One more day until the weekend. Just one more day. When Saturday morning rolls around, I won’t be able to luxuriate in sleep like I used to but at least I don’t have to get up and rush around. Life after birth means you don’t get a lie in anymore but you learn to appreciate the smaller things in life, like lounging on the sofa in pyjamas drinking tea. You also learn to be creative; teaching kids to play the ‘let’s snuggle under the duvet’ game is a lifesaver, particularly if you have a hangover.
Like many things in life, you don’t realise how much you miss sleep until it’s gone. I used to be fairly good at it, and even in my early 30’s could spend half the weekend mornings asleep in bed. Sometimes I was awake and indulging in one of my favourite things: lying in bed with a cup of tea and a good book. Either way, I had the freedom to choose.
One of the hardest things about being a parent is the slow loss of sleep. For me, it started about half way through pregnancy when I had to get up a few times a night for a pee. Then you have the baby period, when catching four hours on the trot makes you feel like Rip van Winkle. Sympathetic friends tell you it will get better, but they don’t tell you how long it takes. The answer is years. Years. Even in the toddler period, when they sleep for about 12 hours a night, they have nights of getting up and waking you at 3am, with bad dreams, sickness, or most annoyingly ‘to fix the bed sheets’.
Now my son is five and a hyper active bundle of joy, he comes bouncing into my bed around 7am, hurtling himself on my slowly waking body and wanting to talk. With the lighter mornings, this alarm call has been pushed back to 6.30am. I usually manage to ignore him until getting up for Sally, whereupon he lies on the bed and critiques my push ups. While I don’t want him to grow up any faster than he is, a part of me longs for the sullen, can’t get out of bed teenage years, just so I can get some quality snooze time.
Non parent readers may well be wondering why we don’t all just go to bed at ten pm. Problem solved. Except it’s not. When you finally get them into bed, you need some time to yourself, to get things done or relax. On top of this, I don’t always sleep well, either from a mind too full of thoughts to drift off easily, or from waking in the wee small hours and taking too long to get back to sleep. Reading is dangerous at these times; too often I have ‘over read’ and missed my sleep slot. Perhaps I should keep some work papers at the side of the bed to avoid stimulation. The panic that sets in when you keep checking the time and calculating the amount of time you have left before the alarm goes off is truly horrible. And it leads to a miserable day ahead.
Sometimes the reason for sleeplessness is all my own. For example, going out on a school night for a few drinks and having one too many, like me last night. Not out of badness, just because you’re enjoying yourself and pretending you can still get away with that sort of thing. The truth is you can’t. Raging against the dying of the light is all very well, but when you can barely keep your eyes open at 3pm, it’s really not a good look.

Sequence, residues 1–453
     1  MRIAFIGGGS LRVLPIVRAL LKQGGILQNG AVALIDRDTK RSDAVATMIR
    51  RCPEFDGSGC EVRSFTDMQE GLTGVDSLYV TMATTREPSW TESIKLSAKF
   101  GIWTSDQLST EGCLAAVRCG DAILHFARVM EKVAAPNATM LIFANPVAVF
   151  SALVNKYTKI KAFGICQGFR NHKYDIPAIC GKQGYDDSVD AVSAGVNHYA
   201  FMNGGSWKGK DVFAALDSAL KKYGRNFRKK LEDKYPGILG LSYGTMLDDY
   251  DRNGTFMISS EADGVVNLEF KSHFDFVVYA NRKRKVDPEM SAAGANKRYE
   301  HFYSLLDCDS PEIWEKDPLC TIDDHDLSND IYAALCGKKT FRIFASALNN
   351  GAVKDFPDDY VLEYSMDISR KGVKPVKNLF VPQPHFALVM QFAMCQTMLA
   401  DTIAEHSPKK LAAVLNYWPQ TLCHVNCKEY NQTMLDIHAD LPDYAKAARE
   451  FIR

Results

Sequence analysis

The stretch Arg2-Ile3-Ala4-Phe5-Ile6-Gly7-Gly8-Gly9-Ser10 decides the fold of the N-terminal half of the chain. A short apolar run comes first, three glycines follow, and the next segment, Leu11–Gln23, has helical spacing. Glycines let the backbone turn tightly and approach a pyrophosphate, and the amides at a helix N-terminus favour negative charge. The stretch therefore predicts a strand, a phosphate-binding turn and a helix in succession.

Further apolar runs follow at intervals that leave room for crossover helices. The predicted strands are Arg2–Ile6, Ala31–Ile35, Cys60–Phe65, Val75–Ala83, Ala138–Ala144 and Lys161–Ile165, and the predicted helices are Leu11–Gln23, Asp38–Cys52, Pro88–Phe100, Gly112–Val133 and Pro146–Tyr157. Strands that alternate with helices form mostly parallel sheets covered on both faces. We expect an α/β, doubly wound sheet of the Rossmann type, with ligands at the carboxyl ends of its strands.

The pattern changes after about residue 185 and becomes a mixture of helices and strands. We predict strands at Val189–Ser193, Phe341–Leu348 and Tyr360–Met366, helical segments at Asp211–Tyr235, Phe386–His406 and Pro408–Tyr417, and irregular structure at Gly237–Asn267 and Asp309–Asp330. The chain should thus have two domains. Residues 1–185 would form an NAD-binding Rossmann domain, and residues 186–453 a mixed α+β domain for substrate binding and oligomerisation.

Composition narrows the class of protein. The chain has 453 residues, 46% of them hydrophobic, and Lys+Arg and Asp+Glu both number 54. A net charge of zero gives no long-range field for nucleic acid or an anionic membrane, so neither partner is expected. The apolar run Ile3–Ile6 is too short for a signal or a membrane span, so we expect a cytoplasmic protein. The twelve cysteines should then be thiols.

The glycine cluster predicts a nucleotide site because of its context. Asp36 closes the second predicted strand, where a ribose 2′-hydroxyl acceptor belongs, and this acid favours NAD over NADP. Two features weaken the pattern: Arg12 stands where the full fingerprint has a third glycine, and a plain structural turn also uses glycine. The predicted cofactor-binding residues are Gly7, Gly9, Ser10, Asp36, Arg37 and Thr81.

There are numerous articles on the net about the dos and don’ts of how to get a better sleep: milky drinks, calming music, mediation, no alcohol, TV or smartphones before bed. They all make sense but I find them hard to stick to. The alcohol one is tricky, as nothing improves a pre-bed herbal tea more than a shot of whisky. And some of the longest sleeps I’ve had in the last five years have been after a good night out. But I know that this is not the answer and that a no booze rule would undoubtedly improve my sleep patterns. Sigh. Being old and sensible is fecking hard at times. Logic and reason is one thing but changing long held beliefs is another. If you are a stubborn thing like me, you might need to scare yourself into it. This infographic of your body without enough sleep makes grim reading:
The most worrying thing about it is how they categorise ‘not enough sleep’. Six hours a night over a long period of time is dangerously damaging for your health. Yet I have earned to accept that getting six hours of uninterrupted sleep is enough to get me through the day. Eight hours is the seldom realised goal. No wonder I am cracking up. I grew up in a time when the received wisdom was that sleep was for losers – Thatcher was running the country on three hours sleep a night for fuck’s sake. Sometimes I wake up in the night with worries, other times with brilliant ideas that I am generally too exhausted to get up and do anything about. It’s consoling and delusional to imagine I have bad sleep because I am some kind of tortured creative genius. The problem is down to my own bad habits, and the solutions are all there in the multitude of ‘how to’ articles. Although I am fond of this notion:
If that’s you, please don’t have nightmares.
It is exactly four months to the day of the Spartan Race. There is a team training session in a park on Sunday, which I am dreading because there is going to be lots of running and I will get to see how rubbish and slow I am in comparison to the rest of them. I can justify being tired and unfit when I am on my own, visualising myself plodding round the course, finishing last covered in mud, sweat and tears. In my mind, this is an almost heroically romantic feat, a triumph of determination and grit over adversity. What a load of bollocks.
What I need to do is pull the finger out, stop the midweek wine and train properly. If I do this, good sleep will surely follow and life will be better overall. It doesn’t need to be so hard.
One of these days, my actions will catch up with my words. In the meantime, there is always poetry:
Until next time,
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